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Artificial Intelligence Lecture No. 19 . Dr. Asad Ali Safi ​ Assistant Professor, Department of Computer Science,  COMSATS Institute of Information Technology (CIIT) Islamabad, Pakistan. Summary of Previous Lecture. Facts command Watch that Fact Use of backslash, "“ Rules in CLIPS .

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artificial intelligence lecture no 19

Artificial IntelligenceLecture No. 19

Dr. Asad Ali Safi

Assistant Professor,

Department of Computer Science, 

COMSATS Institute of Information Technology (CIIT) Islamabad, Pakistan.

summary of previous lecture
Summary of Previous Lecture
  • Facts command
  • Watch that Fact
  • Use of backslash, "\“
  • Rules in CLIPS
today s lecture
Today’s Lecture
  • Reopen
  • Rule
  • Print out
  • Variables
  • The load command loads in the rule that you had previously saved to disk in the file "duck.clp" or whatever name and directory that you had saved it under. You can load a file of rules made on a text editor into CLIPS using the load command.
  • File –> Load-> file_name.clp
  • Assert fact

(defrule duck "Here comes the quack" ; Rule header

(animal-is duck) ; Pattern

=> ; THEN arrow

(assert (sound-is quack))) ; Action

  • Only one rule name can exist at one time in CLIPS.
show me the rules
Show Me the Rules
  • Sometimes you may want to see a rule while you're in CLIPS. There's a command called ppdefrule – the pretty print rule – that prints a rule. To see a rule, specify the rule name as an argument to ppdefrule.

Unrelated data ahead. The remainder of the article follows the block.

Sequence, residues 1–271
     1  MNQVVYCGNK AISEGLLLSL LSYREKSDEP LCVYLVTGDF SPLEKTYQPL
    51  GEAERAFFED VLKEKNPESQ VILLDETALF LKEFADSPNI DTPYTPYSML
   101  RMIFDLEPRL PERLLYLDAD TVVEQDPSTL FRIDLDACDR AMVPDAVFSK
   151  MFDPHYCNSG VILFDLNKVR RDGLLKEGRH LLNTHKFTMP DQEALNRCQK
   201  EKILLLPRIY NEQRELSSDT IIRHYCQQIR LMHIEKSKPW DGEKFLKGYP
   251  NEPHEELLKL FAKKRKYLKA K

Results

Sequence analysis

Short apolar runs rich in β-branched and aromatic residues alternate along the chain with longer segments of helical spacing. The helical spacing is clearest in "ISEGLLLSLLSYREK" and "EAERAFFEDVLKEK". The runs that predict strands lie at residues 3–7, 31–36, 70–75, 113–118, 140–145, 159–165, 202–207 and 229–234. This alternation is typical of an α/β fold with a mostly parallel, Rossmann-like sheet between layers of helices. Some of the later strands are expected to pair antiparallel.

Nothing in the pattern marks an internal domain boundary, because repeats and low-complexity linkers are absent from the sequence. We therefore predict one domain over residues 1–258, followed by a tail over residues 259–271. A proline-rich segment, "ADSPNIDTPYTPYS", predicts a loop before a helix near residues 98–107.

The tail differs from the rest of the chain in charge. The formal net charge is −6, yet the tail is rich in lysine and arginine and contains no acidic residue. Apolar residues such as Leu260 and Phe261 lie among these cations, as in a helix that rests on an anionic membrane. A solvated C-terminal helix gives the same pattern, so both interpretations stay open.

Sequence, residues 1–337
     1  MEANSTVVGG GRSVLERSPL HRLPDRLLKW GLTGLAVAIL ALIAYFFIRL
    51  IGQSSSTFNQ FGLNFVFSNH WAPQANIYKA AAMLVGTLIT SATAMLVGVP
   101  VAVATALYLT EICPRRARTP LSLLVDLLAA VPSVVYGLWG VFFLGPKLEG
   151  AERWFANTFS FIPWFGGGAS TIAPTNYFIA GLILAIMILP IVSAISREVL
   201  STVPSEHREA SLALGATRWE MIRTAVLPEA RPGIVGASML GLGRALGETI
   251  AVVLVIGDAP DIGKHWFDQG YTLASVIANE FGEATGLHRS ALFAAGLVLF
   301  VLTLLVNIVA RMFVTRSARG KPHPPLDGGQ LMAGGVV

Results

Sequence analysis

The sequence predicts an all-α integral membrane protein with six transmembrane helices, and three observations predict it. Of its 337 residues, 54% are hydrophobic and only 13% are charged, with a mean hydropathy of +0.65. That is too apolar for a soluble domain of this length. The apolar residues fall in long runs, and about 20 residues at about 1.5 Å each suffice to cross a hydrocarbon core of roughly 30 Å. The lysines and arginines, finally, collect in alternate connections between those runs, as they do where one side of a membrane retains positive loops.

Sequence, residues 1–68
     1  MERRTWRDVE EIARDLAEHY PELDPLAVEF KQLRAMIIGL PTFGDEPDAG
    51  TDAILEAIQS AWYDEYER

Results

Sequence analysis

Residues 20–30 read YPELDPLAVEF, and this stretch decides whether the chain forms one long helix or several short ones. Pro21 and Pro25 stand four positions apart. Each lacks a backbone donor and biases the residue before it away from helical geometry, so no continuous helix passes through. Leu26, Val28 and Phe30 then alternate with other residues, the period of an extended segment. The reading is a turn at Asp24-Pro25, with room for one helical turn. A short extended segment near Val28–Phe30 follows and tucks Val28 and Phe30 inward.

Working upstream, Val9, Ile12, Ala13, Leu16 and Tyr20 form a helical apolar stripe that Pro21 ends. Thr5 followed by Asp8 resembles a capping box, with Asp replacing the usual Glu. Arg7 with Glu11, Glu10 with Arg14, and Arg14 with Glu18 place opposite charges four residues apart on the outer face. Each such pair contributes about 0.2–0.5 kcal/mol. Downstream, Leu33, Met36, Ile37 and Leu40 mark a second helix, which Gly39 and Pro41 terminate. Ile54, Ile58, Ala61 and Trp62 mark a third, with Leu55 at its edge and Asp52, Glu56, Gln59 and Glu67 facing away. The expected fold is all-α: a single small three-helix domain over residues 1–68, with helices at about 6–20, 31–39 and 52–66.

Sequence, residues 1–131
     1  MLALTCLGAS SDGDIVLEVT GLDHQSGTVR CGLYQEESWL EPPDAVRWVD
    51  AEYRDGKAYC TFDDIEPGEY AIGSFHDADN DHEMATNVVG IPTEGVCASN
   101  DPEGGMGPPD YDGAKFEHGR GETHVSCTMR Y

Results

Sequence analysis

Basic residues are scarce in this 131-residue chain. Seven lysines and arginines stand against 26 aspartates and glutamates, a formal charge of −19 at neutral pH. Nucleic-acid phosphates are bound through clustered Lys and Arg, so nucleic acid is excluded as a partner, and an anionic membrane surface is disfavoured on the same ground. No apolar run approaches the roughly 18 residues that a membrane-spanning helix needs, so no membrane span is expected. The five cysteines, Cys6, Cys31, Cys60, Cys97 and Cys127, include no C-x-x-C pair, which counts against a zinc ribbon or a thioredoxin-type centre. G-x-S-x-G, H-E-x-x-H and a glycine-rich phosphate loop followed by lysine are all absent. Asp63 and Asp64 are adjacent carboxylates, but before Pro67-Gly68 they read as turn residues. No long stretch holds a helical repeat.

• For example,

CLIPS> (ppdefrule duck)


What if you want to print a rule but can't remember the name of the rule? No problem. Just use the rules command in response to a CLIPS prompt and CLIPS will print out the names of all the rules.

  • For example, enter

CLIPS> (rules)

fire the rule
Fire the rule
  • If there is only one rule on the agenda, that rule will fire. Since the LHS pattern of the duck-sound rule is

(animal-is duck)

  • This pattern will be satisfied by the fact (animal-is duck) and so the duck-sound rule should fire.
  • To make a program run, just enter the run command. Type (run) and press the carriage return key. Then do a (facts) to check that the fact was asserted by the rule.
what if you run again
What if you (run) again?
  • if you try this and (run) again, you'll see that the rule won't fire.
  • you need to know a little more about some basic principles of expert systems.
  • A rule is activated if its patterns are matched by a
    • 1. a brand new pattern entity that did not exist before or,
    • 2. a pattern entity that did exist before but was retracted and reasserted, i.e., a "clone" of the old pattern entity, and thus now a new pattern entity.

The Inference Engine sorts the activations according to their salience. This sorting process is called conflict resolution because it eliminates the conflict of deciding which rule should fired next. CLIPS executes the RHS of the rule with the highest salience on the agenda, and removes the activation.

  • This execution is called firing the rule in analogy with the firing of a neuron. A neuron emits a voltage pulse when an appropriate stimulus is applied. After a neuron fires, it undergoes refraction and cannot fire again for a certain period of time. Without refraction, neurons would just keep firing over and over again on exactly the same stimulus.

The following example shows activations and firing of a rule.

CLIPS> (clear)

CLIPS> (defrule duck

(animal-is duck)